Will to Survive CD raising money for childhood cancer research

All donations to Megan McNeil's campaign made in Ladysmith will be donated to The James Fund in Callum Brown’s memory.

Anyone who donates more than $5 to Megan McNeil's childhood cancer awareness campaign will receive a copy of McNeil's CD

Anyone who donates more than $5 to Megan McNeil's childhood cancer awareness campaign will receive a copy of McNeil's CD

Ladysmith became the supporting act in a video created for Megan McNeil’s song The Will To Survive in the summer of 2010, when residents and businesses came together to show their support in the fight against childhood cancer.

The familiar walls of In the Beantime Café and the familiar faces of members of the Ladysmith Volunteer Fire Department and RCMP Detachment can be recognized between scenes of McNeil and her cancer-fighting friends singing the song’s lyrics and photographs of children who have been lost to childhood cancer.

Ladysmith lost one of its own smallest members in October 2010 when Callum Brown died from a form of childhood cancer, neuroblastoma.

Neuroblastoma is responsible for eight to 10 per cent of all childhood cancers. Although it is only the fifth most common cancer in childhood, it is responsible for a disproportionate number of childhood deaths due to cancer.

Neuroblastoma usually occurs in children younger than five, and it is the most common tumour in babies younger than one year of age. Brown was diagnosed at four months old.

Each year throughout North America, several hundred children are diagnosed with neuroblastoma.

Sixty per cent of children diagnosed over the age of one have widespread (metastatic) disease at diagnosis.

In the last 20 years, there has been modest improvement in the prognosis for children diagnosed at less than one year of age with neuroblastoma due to research; however, despite research initiatives, there has been little improvement in the prognosis for older children with widespread disease at diagnosis. The vast majority of these children die.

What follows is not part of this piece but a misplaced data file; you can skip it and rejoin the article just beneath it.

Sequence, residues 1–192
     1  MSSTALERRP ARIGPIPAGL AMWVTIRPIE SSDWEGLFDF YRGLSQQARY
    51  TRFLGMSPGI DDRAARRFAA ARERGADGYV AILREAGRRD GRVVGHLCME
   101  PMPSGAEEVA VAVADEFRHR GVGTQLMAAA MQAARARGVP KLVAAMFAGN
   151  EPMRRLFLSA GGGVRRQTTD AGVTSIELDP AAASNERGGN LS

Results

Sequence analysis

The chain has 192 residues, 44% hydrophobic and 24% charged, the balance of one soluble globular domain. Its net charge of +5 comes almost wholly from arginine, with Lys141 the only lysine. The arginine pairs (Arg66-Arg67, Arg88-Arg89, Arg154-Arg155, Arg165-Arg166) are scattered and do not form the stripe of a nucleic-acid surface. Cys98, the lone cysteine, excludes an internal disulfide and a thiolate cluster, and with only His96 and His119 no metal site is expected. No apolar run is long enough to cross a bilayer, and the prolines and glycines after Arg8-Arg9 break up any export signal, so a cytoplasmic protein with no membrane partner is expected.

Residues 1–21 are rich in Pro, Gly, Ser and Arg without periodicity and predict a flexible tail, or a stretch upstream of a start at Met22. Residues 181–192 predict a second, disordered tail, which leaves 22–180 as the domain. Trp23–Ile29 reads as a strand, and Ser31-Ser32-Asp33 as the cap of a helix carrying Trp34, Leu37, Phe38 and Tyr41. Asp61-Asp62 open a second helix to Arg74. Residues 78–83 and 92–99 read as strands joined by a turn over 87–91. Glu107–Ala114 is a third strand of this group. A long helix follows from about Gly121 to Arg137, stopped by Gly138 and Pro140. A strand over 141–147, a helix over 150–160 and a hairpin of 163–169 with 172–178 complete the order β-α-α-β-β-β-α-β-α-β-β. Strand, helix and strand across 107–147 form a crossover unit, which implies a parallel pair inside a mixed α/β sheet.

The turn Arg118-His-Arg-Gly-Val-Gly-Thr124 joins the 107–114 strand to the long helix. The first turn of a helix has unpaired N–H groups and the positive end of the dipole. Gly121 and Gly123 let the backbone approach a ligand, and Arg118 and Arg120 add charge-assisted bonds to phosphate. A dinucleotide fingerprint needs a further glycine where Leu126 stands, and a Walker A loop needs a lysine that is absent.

McNeil lost friends to neuroblastoma as well, and as part of her childhood cancer awareness campaign, before her death in January 2011 at the age of 20, she designated that partial proceeds from her song The Will to Survive be donated to The James Fund for Neuroblastoma Research.

After McNeil’s death, The James Fund set a new goal in her honour. The goal is to raise $100,000 to identify drugs that are effective in treating neuroblastoma stem cells, with the intention of bringing those treatments to clinical trials.

This work is some of the most exciting science on the planet, and it will take place at the world-renowned BC Genome Sciences Centre in Vancouver. The project has been named the Megan McNeil Gene Discovery Project.

Donations to McNeil’s childhood cancer awareness campaign are being accepted at In The Beantime Café.

Anyone who donates more than $5 will receive a copy of McNeil’s CD The Will To Survive 2011, which has just been released and which includes the song The Will To Survive and the song Wake Up by Ladysmith musician Ryan McMahon, featuring Megan McNeil.

Callum Brown’s mother, Tammy Dougan, spent a lot of time travelling back and forth to BC Children’s Hospital to care for her young son. All of the donations made in Ladysmith will be donated to The James Fund in Callum Brown’s memory.

Dougan is now very involved with fundraising in her son’s honour and for childhood cancer causes.

She recently gave birth to her third son, a beautiful, healthy baby named Wyatt.

For more information about Megan McNeil’s childhood cancer awareness campaign, e-mail Megan’s Campaign Headquarters at info@mmgrp.ca.

— Submitted

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